Well, they might not be partisan, but they sure as hell ARE biased--they are paid by the LARGEST health insurer in the nation (remember when Elizabeth Edwards said that $1 out of every $700 spent in healthcare went in the pocket of United Health's CEO?) and bury reports that are unfavorable? Where's that report on single payer? Why aren't the Republicans quoting that one?

Price also spews out another patented Luntz-crafted lie about the House bill, claiming that the bill states that in five years, all insurance will have to look the same, claiming this is proof of government intervention into your well-being. Price isn't the only one to give this zombie lie:

(G)reat message discipline! That's always been their forte. But it makes a tiresome chore to smack down all the odd lies they come up with, again and again, just like in the old zombie movies. You give it both barrels of a 10-gauge, but it shambles forward mindlessly. "Braaaiinssss..."

The one I have seem pop up most recently is the odd lie that the House Tri-Com bill (HR 3200) will "outlaw individual private coverage."

Huh? I thought that's what the National Insurance Exchange was for?! Where did that come from?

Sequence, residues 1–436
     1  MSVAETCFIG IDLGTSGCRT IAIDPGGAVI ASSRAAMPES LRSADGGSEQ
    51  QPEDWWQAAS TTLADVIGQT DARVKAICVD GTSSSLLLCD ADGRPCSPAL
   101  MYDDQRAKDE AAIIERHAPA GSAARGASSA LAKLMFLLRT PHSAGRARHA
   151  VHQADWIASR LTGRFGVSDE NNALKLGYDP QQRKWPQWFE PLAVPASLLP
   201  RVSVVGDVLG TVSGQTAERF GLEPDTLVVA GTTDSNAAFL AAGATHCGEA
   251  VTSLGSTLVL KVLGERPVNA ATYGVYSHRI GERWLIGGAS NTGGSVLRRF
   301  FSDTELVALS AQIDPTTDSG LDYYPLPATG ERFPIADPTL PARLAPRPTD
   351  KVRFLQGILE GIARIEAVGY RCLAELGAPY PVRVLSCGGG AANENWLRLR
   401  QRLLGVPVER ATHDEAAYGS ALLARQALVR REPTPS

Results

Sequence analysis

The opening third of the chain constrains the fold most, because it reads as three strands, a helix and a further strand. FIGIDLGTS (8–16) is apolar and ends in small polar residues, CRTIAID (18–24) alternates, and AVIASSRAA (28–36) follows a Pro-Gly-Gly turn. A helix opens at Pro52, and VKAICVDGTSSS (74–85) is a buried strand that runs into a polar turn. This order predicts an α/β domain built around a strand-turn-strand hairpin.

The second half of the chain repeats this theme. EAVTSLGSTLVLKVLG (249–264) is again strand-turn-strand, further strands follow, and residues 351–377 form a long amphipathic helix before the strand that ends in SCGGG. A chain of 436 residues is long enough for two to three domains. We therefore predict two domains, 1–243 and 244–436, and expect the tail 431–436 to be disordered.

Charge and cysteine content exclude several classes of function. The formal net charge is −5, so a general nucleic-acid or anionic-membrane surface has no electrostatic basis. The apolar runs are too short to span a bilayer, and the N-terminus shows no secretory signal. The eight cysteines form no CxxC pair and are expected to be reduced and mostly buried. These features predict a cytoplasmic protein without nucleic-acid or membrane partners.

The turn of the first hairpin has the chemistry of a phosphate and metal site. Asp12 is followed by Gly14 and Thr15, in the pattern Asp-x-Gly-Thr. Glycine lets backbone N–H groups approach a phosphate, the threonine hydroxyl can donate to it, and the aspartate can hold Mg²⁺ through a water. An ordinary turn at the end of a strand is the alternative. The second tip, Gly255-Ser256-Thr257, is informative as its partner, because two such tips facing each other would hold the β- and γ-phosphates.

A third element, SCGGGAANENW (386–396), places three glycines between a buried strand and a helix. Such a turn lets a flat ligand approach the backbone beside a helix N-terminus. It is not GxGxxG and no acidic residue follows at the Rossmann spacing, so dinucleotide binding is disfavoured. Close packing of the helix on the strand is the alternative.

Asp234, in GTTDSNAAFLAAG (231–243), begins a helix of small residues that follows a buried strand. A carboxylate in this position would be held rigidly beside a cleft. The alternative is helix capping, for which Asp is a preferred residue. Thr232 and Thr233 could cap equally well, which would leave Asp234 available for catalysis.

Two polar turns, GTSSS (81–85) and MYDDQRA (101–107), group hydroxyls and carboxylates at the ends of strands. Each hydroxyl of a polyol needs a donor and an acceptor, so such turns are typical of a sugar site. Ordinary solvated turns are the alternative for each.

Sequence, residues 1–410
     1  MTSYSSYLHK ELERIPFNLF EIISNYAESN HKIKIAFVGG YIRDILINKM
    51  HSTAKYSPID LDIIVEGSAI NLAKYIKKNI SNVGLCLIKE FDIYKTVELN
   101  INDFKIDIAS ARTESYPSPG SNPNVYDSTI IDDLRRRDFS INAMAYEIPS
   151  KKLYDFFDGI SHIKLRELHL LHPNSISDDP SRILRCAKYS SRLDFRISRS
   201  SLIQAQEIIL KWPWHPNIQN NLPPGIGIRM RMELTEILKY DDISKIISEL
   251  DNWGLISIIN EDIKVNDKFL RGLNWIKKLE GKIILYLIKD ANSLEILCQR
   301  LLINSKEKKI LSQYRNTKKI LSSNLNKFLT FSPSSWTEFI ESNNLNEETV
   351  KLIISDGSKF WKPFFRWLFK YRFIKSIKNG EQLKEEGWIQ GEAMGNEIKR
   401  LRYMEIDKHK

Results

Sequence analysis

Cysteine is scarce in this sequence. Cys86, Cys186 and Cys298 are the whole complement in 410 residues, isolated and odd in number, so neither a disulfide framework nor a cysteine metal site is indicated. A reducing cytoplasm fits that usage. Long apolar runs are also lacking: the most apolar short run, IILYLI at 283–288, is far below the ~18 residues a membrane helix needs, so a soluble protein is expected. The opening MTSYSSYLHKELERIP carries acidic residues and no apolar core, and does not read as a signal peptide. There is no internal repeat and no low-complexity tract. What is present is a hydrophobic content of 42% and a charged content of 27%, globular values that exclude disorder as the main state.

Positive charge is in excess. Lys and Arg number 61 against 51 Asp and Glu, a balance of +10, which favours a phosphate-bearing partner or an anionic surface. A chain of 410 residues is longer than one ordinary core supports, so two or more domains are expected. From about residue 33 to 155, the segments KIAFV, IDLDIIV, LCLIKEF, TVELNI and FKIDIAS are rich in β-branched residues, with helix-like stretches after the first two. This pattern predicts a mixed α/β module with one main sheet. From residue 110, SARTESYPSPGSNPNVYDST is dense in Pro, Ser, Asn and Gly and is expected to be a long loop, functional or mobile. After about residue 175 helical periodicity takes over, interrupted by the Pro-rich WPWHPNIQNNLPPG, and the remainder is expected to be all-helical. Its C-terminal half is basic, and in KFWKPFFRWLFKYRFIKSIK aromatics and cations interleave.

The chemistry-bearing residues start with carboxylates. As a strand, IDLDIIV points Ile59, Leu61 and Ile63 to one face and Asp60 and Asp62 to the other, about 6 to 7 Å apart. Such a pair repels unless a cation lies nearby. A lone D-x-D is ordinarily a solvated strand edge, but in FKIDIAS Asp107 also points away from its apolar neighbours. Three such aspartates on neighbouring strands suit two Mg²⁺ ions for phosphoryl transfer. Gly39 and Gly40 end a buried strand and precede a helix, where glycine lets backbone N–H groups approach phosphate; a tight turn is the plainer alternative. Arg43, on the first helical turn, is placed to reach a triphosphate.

I remembered that I had seen some crazy rant from Rep Michelle Bachmann (R-Loon) along these lines:

It’s over 1,000 pages long. On the 16th page, it says whatever health care you have now, it’s going to be gone within five years. So your current health care plan, you’re not going to have in five years. What you’re going to have is a government plan and a federal bureau is going to decide what you get or if you get anything at all.

And some commenters on Kevin's blog linked to this unsigned opinion piece from Investors.com:

It didn't take long to run into an "uh-oh" moment when reading the House's "health care for all Americans" bill. Right there on Page 16 is a provision making individual private medical insurance illegal.

How odd that they both cite "page 16" in their rants, both of which were published on the same day. It's almost as if this were somehow coordinated... Nah. I must be getting paranoid.

The provision they are referring to, by the way, is this [..]

So what does this mean in the real world?

  1. Individual health insurance policies already in effect may continue but may not be altered.
  2. Employer-sponsored plans have five years to get in compliance with the new regulations.
  3. New individual health insurance policies will only be available through the National Insurance Exchange (NIE).

Remember, the NIE is where the private insurers will be competing against one another as well as against a possible public plan, if it survives. It is not synonymous with a "government plan," though I hope that consumers will have the choice of a government-sponsored insurance policy. The new regulations referred to are simply those I've outlined many times before -- community rating, guaranteed issue, and a minimum benefits floor.

Ezra Klein has more on the disingenuousness of the Republican talking points.